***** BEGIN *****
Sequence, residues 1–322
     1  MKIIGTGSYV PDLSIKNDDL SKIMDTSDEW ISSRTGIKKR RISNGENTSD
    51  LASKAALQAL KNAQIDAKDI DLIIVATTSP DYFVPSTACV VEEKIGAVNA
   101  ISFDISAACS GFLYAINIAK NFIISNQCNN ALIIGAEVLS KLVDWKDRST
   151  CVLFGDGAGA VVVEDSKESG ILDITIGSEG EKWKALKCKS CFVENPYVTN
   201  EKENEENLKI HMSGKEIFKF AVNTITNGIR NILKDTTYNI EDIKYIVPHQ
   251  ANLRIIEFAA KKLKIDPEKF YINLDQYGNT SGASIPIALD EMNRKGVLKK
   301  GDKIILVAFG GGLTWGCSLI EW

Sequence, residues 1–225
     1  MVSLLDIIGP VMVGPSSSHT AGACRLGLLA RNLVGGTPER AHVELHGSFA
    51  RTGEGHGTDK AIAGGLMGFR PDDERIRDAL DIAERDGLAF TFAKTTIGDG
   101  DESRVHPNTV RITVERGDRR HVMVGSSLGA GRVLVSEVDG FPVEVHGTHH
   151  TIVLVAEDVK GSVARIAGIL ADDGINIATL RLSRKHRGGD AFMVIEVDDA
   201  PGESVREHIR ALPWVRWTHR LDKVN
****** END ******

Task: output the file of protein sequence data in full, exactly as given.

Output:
Sequence, residues 1–322
     1  MKIIGTGSYV PDLSIKNDDL SKIMDTSDEW ISSRTGIKKR RISNGENTSD
    51  LASKAALQAL KNAQIDAKDI DLIIVATTSP DYFVPSTACV VEEKIGAVNA
   101  ISFDISAACS GFLYAINIAK NFIISNQCNN ALIIGAEVLS KLVDWKDRST
   151  CVLFGDGAGA VVVEDSKESG ILDITIGSEG EKWKALKCKS CFVENPYVTN
   201  EKENEENLKI HMSGKEIFKF AVNTITNGIR NILKDTTYNI EDIKYIVPHQ
   251  ANLRIIEFAA KKLKIDPEKF YINLDQYGNT SGASIPIALD EMNRKGVLKK
   301  GDKIILVAFG GGLTWGCSLI EW

Sequence, residues 1–225
     1  MVSLLDIIGP VMVGPSSSHT AGACRLGLLA RNLVGGTPER AHVELHGSFA
    51  RTGEGHGTDK AIAGGLMGFR PDDERIRDAL DIAERDGLAF TFAKTTIGDG
   101  DESRVHPNTV RITVERGDRR HVMVGSSLGA GRVLVSEVDG FPVEVHGTHH
   151  TIVLVAEDVK GSVARIAGIL ADDGINIATL RLSRKHRGGD AFMVIEVDDA
   201  PGESVREHIR ALPWVRWTHR LDKVN